Just as many observers predicted the end of the industry in the mid-1950s as a result of the public outcry over comics and impact of the CCA, so too have there been similar forecasts of doom in the past 18 months. The ongoing crisis triggered by the pandemic is undisputedly different, yet some of the challenges are reminiscent of those of the 1950s. The most compelling comparison is a question of economic survival in the face of an existential threat. In the early phase of the pandemic in North America, comic book retailers grappled with a lack of new product hitting shelves, as Diamond ceased distribution for almost two months in the spring of 2020. These weekly shipments are the lifeblood of most stores, and their absence challenged retailers to find new ways to generate revenue through gift certificates, pre-orders, merchandise, and back issues. Even when Diamond shipments resumed in May of 2020, social distancing guidelines and stay-at-home orders continued to keep patrons out of many stores. These state and local directives again required retailers to innovate in order to satisfy the needs of their customers. Publishers, most notably DC, have trimmed their number of titles and fired many creators as a result of these cuts. The pandemic has also prompted the cancelation of conventions across the country and delayed the release of films, both of which would boost sales and create greater popular interest in comic books. Finally, millions of Americans have lost their jobs during the pandemic, which has meant a significant reduction in dispensable income for many comic readers. When family budgets are squeezed, funds for recreational and entertainment activities are often the first to go.

Considering the similarities in the economic challenges of these two crises, one might ask how the responses compare. In the 1950s, comic book publishers chose to dramatically cut the number of publications, maintain traditional lines of distribution, and focus on keeping only a portion of the industry’s readership. These decisions were likely driven by the cultural opprobrium that comics faced in the 1950s, but it also resulted in a target audience that was transient. There was a tacit recognition that the core audience was children, who were expected to “age out” of comics once they entered adolescence. Recent reactions to the pandemic share similarity largely in the move to reduce the number of releases as a cost-saving measure. Beyond this, the industry has innovated in several remarkable ways, highlighting its resilience and ingenuity. To support creators and new books, devoted readers have embraced crowdsourcing efforts such as those on Kickstarter. There have been several large-scale charity initiatives to help comic retailers, and many other smaller efforts at the local level. These demonstrations of support underscore a sense of community and shared commitment to the comics medium that did not exist in the 1950s. Unable to have customers in their stores, retailers have reconfigured distribution by operating small shipping services in their stores and offering curbside service. Publishers, too, have rethought the delivery of content, most notably through digital platforms. Finally, comics have enjoyed a small boost as a result of the lack of new Hollywood releases in the theaters. Most observers would likely agree that, if anything, the pandemic has increased the demand for escapist fare. This development harkens back to the publication of the first comic books amidst the Great Depression more than eighty years ago.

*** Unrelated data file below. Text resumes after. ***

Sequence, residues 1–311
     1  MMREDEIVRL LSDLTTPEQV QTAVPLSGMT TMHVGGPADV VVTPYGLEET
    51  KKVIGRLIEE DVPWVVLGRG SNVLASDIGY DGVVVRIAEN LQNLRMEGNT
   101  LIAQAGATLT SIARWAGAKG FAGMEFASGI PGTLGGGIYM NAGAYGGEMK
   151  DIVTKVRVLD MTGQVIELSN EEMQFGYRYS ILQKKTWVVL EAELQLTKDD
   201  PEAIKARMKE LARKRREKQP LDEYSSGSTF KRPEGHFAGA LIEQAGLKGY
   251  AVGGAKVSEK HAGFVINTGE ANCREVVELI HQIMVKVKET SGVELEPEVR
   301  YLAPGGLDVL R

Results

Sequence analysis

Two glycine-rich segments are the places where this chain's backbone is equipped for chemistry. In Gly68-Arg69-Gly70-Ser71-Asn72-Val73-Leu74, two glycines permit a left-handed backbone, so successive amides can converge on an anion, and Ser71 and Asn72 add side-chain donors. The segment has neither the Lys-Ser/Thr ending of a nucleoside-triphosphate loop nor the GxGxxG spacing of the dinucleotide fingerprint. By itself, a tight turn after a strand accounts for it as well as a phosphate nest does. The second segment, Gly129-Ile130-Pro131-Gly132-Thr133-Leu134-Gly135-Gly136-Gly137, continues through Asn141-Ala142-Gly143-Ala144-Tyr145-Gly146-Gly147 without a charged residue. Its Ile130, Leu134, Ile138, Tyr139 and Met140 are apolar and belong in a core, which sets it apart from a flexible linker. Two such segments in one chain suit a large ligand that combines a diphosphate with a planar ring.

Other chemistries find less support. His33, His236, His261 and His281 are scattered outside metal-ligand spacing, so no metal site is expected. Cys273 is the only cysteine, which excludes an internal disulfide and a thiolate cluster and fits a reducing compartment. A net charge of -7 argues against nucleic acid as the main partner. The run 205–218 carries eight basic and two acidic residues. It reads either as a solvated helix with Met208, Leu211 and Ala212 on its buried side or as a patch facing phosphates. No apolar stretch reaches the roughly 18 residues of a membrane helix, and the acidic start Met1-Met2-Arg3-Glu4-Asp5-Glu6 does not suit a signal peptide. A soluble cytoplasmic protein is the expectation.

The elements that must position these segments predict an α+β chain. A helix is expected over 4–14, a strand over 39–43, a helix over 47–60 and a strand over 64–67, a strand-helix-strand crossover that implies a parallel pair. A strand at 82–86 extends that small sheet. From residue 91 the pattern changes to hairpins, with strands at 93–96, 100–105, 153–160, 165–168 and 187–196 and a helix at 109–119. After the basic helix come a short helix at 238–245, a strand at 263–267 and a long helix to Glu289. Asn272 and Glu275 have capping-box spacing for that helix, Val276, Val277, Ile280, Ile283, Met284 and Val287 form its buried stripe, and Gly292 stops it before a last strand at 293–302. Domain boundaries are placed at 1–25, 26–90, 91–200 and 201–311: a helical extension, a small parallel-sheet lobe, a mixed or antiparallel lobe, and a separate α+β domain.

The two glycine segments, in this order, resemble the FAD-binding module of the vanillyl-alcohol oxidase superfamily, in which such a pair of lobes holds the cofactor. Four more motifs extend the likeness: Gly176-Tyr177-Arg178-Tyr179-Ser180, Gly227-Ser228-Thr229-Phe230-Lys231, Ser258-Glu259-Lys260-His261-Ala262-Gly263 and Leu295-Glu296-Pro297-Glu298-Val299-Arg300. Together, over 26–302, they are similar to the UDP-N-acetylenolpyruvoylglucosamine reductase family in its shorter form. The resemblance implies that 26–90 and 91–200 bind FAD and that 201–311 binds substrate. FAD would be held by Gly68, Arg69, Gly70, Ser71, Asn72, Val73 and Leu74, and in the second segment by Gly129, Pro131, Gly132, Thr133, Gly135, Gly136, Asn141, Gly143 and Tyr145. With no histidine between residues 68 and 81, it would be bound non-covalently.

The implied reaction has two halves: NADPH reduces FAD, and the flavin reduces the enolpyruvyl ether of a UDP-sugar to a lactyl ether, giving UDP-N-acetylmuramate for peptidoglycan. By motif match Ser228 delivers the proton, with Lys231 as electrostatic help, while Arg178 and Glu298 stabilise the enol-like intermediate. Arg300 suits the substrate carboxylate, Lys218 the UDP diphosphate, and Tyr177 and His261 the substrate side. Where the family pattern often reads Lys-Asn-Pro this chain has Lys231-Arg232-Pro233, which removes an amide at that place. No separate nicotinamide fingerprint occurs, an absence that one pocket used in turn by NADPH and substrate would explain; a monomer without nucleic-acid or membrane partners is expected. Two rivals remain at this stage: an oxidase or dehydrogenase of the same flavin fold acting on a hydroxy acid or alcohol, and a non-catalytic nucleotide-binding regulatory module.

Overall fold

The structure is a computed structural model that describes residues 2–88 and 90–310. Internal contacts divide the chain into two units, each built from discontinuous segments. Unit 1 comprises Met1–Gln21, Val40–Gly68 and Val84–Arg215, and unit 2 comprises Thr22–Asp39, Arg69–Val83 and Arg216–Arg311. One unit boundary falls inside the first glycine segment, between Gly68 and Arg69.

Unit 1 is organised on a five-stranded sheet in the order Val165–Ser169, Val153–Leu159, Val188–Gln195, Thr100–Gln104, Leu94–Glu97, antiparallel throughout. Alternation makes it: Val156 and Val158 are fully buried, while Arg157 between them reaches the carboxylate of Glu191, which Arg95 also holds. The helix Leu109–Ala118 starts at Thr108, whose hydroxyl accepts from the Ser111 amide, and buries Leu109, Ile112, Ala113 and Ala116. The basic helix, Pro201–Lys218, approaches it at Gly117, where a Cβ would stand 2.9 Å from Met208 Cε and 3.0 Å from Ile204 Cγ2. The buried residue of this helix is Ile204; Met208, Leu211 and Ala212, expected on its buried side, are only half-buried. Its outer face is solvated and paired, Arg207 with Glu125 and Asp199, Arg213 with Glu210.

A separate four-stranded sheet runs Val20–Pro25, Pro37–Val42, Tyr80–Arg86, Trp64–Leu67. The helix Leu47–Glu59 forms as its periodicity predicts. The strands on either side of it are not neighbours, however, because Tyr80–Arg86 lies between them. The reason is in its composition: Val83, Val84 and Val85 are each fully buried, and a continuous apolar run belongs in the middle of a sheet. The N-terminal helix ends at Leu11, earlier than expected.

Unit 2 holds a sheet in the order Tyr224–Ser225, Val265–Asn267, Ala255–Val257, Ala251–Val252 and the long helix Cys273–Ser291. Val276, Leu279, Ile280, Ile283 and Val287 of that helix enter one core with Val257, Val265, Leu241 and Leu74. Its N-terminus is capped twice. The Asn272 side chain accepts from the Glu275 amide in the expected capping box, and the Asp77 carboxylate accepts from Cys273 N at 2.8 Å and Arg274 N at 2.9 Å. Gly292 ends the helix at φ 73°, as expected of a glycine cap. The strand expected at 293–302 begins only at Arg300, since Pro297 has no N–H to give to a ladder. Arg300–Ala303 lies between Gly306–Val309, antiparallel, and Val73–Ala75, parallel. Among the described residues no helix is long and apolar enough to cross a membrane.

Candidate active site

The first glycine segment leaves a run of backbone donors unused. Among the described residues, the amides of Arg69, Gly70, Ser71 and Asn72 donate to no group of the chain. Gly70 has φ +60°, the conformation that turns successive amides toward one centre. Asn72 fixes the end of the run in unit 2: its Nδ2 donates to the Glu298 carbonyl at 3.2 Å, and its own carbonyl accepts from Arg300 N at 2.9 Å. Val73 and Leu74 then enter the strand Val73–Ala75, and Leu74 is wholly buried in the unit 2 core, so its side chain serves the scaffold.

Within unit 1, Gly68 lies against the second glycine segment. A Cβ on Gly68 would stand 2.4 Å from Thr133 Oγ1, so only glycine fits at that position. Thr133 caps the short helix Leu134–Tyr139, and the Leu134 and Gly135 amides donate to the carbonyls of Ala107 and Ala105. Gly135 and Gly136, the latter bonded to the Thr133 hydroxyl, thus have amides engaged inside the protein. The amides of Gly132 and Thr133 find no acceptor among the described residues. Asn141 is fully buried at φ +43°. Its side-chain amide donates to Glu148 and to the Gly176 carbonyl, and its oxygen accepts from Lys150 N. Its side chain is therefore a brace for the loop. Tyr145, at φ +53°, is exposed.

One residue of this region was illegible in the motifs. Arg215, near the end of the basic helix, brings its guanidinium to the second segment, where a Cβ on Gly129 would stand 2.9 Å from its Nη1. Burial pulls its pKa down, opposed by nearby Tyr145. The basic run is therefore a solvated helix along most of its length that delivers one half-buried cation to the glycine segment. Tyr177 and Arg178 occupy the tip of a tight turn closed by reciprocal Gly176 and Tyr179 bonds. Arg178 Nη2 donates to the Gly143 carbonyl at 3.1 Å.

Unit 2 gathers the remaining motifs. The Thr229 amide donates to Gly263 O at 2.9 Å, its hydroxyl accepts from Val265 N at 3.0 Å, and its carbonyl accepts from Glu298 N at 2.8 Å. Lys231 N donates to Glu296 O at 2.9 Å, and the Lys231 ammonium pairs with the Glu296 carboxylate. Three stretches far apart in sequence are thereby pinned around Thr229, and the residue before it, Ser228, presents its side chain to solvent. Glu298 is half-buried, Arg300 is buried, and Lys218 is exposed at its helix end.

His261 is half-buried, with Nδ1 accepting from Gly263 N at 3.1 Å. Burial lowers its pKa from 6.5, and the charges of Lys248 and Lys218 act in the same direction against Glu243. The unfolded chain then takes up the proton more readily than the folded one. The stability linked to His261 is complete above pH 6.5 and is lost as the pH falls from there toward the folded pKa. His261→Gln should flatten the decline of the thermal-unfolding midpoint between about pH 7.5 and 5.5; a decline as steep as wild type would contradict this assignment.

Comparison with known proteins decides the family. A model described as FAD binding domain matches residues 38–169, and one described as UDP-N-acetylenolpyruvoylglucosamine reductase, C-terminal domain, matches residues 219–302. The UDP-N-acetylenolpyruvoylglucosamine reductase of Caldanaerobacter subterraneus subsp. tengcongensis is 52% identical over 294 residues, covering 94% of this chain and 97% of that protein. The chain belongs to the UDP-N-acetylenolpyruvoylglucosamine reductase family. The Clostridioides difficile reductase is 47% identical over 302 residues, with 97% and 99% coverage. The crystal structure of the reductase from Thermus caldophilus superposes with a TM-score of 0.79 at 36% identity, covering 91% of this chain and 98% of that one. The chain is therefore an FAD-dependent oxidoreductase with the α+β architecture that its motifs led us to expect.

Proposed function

Perhaps the most notable difference when one compares the responses -- and arguably the most intriguing development so far in the face of the pandemic -- has been the shift in the way comics reach their readers. In the 1950s, comic books simply continued to move from the publisher to the newsstand through distributors, as they had for two decades. There was no meaningful change to the distribution of comics as a result of the CCA. The monumental distribution shift to the direct market, which sparked the rise of new comic book specialty shops catering to the interests of dedicated fans, would not begin for another two decades. The pandemic, however, has exacerbated long-simmering tensions between publishers and Diamond, which is prompting monumental shifts (albeit behind the scenes) in how comic books reach the shelves. Diamond, which had enjoyed exclusive distribution deals with the largest comic publishers, Marvel and DC, has lost both of those arrangements in the past year. First, DC Comics announced in April of 2020 that it would switch from Diamond to two other distributors (UCS and Lunar) for comics sales in the United States. After only six months, DC announced the end of the relationship with UCS, but continues to work exclusively with Lunar. Then, Marvel announced in March of 2021 that it would distribute its new products (comics, trade collections, and graphic novels) with Penguin Random House effective October 1, 2021. Diamond will continue to offer Marvel products as a third-party wholesaler, but for many smaller stores the discounts offered by Penguin will be greater. Admittedly, the pandemic was not the sole factor responsible for these developments, as the acquisition of Time Warner by AT&T a few years ago has continued to spark senior management changes at DC. Yet it likely provided the motivation for both publishers to make such major changes in how their books reach readers. Thus, as the CCA initiated a long-term transition in regard to content, so too could one say that the pandemic has sparked a larger, sweeping change in terms of distribution.